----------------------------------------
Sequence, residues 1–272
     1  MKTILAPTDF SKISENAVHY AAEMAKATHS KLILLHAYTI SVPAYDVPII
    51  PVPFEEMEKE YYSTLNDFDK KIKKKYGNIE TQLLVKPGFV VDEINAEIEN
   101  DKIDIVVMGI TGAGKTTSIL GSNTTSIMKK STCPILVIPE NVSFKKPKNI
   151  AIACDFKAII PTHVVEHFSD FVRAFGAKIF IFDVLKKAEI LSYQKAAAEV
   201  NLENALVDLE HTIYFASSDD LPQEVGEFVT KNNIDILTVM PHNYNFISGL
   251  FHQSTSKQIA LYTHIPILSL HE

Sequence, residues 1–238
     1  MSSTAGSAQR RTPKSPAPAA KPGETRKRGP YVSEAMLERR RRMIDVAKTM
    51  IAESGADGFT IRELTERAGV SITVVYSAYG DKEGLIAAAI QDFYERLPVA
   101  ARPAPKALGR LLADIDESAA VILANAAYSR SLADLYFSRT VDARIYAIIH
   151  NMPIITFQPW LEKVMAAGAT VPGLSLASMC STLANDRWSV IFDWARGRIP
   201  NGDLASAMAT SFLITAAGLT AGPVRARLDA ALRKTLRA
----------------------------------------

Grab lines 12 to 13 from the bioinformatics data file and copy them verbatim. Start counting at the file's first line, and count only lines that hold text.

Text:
   151  NMPIITFQPW LEKVMAAGAT VPGLSLASMC STLANDRWSV IFDWARGRIP
   201  NGDLASAMAT SFLITAAGLT AGPVRARLDA ALRKTLRA